ICThe Institute of Chartered Accountants of India (Icai) plans to make its entrance test tougher to ensure only “serious students” get through, after less than 4% of students managed to graduate this year.
The institute runs two parallel chartered accountancy (CA) courses, a traditional course and another updated course that was introduced in 2006.
Of the 13,242 students of the old course who took the final year examination in June, only 458 passed—a mere 3.46%—the lowest since 2004. The success rate for the updated course was slightly better at 6.56% of 7,424 candidates.
“One reason that we can see for the lower number of successful candidates is a shift from theoretical kind of papers to (an) application-based (examination),” Icai president Amarjit Chopra said. “But I would say this is something that students will have to get used to.”
Another reason why the success rate was low was the relative ease with which admission seekers cleared the common proficiency test (CPT) to enter the institute.
Around 25-30% of candidates appearing for the CPT managed to get through, and many of them are not serious about making chartered accountancy their career.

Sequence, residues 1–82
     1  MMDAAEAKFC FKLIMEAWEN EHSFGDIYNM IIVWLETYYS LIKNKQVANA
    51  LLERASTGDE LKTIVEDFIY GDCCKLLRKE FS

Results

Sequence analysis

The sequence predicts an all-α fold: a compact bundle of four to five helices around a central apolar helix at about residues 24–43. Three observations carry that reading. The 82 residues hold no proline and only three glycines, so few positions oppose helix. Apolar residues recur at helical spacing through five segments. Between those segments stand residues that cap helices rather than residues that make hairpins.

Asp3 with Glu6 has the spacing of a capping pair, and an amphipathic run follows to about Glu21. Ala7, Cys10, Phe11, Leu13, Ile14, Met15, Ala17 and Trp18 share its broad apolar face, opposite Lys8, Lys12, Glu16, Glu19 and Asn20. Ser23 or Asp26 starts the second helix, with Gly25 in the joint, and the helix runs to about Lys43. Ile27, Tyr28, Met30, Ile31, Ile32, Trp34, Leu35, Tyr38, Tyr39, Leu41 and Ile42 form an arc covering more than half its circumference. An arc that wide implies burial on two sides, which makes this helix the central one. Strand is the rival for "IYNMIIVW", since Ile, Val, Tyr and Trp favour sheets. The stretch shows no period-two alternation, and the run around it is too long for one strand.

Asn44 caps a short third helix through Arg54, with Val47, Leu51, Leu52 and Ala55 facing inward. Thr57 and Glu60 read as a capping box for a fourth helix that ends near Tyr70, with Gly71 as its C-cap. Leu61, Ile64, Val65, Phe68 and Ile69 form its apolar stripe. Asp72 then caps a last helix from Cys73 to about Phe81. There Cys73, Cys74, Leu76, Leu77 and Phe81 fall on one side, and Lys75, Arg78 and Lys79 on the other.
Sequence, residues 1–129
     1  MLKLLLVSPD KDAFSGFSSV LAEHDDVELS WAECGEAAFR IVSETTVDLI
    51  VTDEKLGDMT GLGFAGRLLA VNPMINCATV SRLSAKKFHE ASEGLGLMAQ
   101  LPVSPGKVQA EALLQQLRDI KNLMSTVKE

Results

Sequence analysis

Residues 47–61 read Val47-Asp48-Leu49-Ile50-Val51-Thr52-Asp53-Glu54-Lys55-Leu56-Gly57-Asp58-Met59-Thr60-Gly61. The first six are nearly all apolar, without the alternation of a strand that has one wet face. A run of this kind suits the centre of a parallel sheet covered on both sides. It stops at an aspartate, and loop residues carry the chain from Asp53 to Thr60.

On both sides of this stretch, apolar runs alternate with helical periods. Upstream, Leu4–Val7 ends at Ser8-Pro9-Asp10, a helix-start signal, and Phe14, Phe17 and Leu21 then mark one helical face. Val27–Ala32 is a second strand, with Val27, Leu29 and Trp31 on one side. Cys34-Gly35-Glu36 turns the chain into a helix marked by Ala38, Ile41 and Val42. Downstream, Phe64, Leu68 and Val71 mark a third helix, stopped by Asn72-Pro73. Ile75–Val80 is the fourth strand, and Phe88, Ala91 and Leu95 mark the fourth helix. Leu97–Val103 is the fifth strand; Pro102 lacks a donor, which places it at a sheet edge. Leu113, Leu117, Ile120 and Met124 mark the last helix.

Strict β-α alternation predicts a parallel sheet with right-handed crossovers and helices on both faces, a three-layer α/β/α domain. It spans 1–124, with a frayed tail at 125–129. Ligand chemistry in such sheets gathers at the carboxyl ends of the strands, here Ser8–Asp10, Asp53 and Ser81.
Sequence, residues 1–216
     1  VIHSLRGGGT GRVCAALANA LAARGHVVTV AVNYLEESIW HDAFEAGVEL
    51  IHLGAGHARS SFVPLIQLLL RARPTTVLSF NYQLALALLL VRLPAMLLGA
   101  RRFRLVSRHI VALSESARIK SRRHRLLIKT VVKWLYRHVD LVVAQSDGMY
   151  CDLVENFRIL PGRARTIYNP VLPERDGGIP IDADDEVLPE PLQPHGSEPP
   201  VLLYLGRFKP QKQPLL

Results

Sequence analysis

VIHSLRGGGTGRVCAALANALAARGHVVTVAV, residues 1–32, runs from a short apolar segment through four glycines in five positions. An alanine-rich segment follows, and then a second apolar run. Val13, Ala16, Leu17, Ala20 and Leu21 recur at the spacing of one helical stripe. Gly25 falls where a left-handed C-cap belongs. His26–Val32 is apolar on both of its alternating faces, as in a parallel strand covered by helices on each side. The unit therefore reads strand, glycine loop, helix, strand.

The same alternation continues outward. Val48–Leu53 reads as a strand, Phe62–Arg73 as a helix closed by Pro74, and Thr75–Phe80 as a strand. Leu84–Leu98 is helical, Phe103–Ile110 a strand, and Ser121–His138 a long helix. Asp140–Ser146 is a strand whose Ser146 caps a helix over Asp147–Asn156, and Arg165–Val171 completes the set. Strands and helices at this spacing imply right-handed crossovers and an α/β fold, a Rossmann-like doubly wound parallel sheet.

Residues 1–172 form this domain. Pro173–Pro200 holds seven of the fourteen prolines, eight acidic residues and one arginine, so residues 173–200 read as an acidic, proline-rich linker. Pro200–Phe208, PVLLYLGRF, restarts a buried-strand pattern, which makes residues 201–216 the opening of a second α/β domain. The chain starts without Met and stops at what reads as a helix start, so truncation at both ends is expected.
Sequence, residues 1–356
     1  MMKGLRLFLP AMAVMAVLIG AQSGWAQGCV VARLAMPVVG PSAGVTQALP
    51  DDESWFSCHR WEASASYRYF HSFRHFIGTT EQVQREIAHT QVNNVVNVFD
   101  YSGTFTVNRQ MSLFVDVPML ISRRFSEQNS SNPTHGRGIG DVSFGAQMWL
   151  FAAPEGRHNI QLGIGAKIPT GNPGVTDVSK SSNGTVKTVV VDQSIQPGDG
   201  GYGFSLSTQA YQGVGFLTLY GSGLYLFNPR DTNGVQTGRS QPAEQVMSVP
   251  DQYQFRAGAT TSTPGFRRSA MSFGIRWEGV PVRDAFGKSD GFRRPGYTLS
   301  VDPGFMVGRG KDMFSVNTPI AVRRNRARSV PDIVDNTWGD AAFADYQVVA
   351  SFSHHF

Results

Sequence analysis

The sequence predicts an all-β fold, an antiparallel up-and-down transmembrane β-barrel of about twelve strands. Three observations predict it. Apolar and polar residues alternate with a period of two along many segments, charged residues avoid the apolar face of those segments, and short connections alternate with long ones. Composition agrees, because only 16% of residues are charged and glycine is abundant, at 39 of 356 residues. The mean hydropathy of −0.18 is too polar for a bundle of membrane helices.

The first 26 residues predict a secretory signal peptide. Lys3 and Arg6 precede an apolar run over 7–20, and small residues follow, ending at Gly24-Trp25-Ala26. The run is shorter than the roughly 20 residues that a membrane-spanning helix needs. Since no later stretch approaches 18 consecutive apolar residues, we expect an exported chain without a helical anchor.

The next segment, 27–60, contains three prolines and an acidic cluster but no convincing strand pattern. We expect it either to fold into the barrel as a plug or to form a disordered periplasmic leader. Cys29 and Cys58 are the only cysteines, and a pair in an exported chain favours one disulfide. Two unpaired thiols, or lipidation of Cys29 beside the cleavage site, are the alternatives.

“The institute is also considering making the CPT tougher, so that only capable students go in for CA,” said Chopra.
A 4-6 August meeting will discuss measures to make the CPT tougher and better geared to select students who will go on to graduate from the course as well, he added.
But a Rajasthan-based chartered accountant said Icai was simply bowing to pressure from the industry.
“The institute is deliberately churning out a lower number of CAs so that there is no glut in the market, especially when companies are just getting out of the grip of a recession and are going slow on recruitment,” the CA said, asking not to be named.
The Chartered Accountants Act of 1949 lays down that results announced by Icai cannot be challenged, allowing the institute to have its way.
But Chopra denied the charge. “There has been no deliberate attempt to moderate the results. The impact of moderation anyway will be a favourable one,” he said, adding that the success rate was a high 25% in 2008, when the economic slowdown was at its peak.
This year’s poor result also follows a move three-and-a-half years ago to allow students passing class XII to appear for the CPT, and letting students pursue CA and BCom degrees simultaneously.
New Delhi-based education counsellor Geetanjali Kumar said instead of making the CPT tougher, Icai should look at selecting candidates with an aptitude for the profession and design the question papers accordingly.
“It has also been seen that students pursuing CA are focusing more on other things like articleship (where they help practising CAs in their work) and taking help of private tutors rather than attending regular colleges and studying for CA, which results in changing their orientation,” added Kumar. “So I would say every link has to be strengthened.”
SOURCE : MINT